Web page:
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Making of “History of Rock in 100 Songs”

Developer Susie Lu explains the challenges behind this fun visual exploration

June 10, 2014

[This is a guest post by Susie Lu*, about the visualization project “History of Rock in 100 Songs”]



History of Rock in 100 Songs screenshot
Figure 1. History of Rock in 100 Songs screenshot, live site here

The world of Rock ‘n’ Roll has always been very confusing to me. I grew up listening to whatever my grandmother was listening to—mostly classical music and opera. U2? The Who? Who you? Let’s just say I was very confused in adolescence. My collaborator on this project, John Akred, is the complete opposite. He grew up on Rock ‘n’ Roll. John plays the guitar and still records music in his studio every year.

When I found the Guardian’s list of 100 songs representative of rock music, I was inspired to use skills from my day job, creating data visualizations, to learn more about Rock ‘n’ Roll. With John as a domain expert to sanity check my work and a quick Google search of music APIs, we were ready to begin.

The original Guardian dataset only had the song title, artist, and release year of the song. I looked up more band information, such as its members and lifetime, using and more song information, such as length and energy, using Echo Nest.

Exploring the data began with asking questions. I started simple. How do these songs appear over time? How do the timelines of the bands overlap with each other? I begin all of my visual brainstorming on paper like in Figure 2. It allows me to quickly see ideas. Plus, there is no hesitation to nix bad ideas because I’ve only invested a few minutes in the concept.

Figure 2. Initial sketches on how to show the songs, very abstract and loose


These early sketches used visual inspiration from music itself. There are cues from sheet music, records, and sound waves. The sounds waves inspired drawings of a streamgraph, a stacked area graph displaced around a horizontal axis, to represent the timeline of bands. Figure 3 shows how the sound waves drawing looks using real data. Each line in the graph represents a band’s lifetime. The spikes in a band’s line indicates when one of their songs, from the Guardian’s list of 100, was released.

Figure 3. Streamgraph data exploration of band timelines using d3.js


I liked the visual abstract look, but from a data visualization perspective, the graph was very hard to read. You could understand that many of theses bands were formed at the same time and that most are still together today, but the areas that represented the songs were very distorted and provided a poor way to compare songs or compare bands.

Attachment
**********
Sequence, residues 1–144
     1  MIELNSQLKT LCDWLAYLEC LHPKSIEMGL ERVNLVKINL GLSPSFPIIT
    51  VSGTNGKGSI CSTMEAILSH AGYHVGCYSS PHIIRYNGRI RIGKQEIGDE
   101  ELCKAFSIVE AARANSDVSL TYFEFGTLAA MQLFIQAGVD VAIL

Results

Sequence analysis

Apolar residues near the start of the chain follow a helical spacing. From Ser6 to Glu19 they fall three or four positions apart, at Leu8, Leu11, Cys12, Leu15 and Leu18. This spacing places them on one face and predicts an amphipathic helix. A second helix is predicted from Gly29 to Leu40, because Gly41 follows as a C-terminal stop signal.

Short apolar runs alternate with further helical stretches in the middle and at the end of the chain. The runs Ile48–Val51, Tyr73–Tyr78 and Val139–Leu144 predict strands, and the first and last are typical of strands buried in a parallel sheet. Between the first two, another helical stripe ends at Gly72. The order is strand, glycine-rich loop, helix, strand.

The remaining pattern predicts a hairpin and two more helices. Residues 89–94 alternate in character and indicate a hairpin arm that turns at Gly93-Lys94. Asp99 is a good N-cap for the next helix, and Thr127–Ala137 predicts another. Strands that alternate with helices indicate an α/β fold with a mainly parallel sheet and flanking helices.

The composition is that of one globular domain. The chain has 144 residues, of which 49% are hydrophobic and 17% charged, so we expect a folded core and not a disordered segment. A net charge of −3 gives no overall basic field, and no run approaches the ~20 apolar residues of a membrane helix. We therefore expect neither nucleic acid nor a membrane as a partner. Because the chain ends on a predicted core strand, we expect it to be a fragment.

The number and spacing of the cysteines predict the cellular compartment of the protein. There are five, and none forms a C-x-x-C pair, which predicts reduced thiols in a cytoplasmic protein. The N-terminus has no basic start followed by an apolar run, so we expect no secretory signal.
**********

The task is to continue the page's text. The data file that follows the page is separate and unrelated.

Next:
I wasn’t satisfied with how the timeline turned out. I also realized the timeline only provided me with some basic facts; it lacked any insight on how these artists sculpted a new genre of music. This sparked a new question: How did these bands influence each other? This meant continuing to explore other parts of our dataset and even expanding to include other sources. I found a website called Music Bloodline that lists influences from band to band. After gathering data for all the bands from the list of 100 songs, I created a network graph.

Figure 4. Screenshot of the network graph, originally created in Gephi, and then exported into sigma.js using the Sigmajs Exporter


Using Gephi’s Force Atlas algorithm, the nodes in Figure 4 were positioned based on the number of links between the nodes. More links between nodes meant they were closer together. As a result, the distance between bands provided one perspective on the “similarity” between bands.

From the network graph, I could understand what bands were most influential as well as what bands they influenced. It began to answer my questions about relationships. For example, The Beatles and The Rolling Stones were “similar.” Knowing that, it wasn’t surprising to find they were influenced by many of the same bands: Elvis, Chuck Berry, Bob Dylan, Jerry Lee Lewis, and Buddy Holly. But the network graph also raised new questions. While Bob Dylan influenced Dire Straits, did their bands overlap in time? What bands started between Dire Straits and Bob Dylan? Did those intermediary bands also influence Dire Straits? We resurfaced our initial timeline exploration because we realized we wanted to see the relationships between bands and the progression of a genre over time.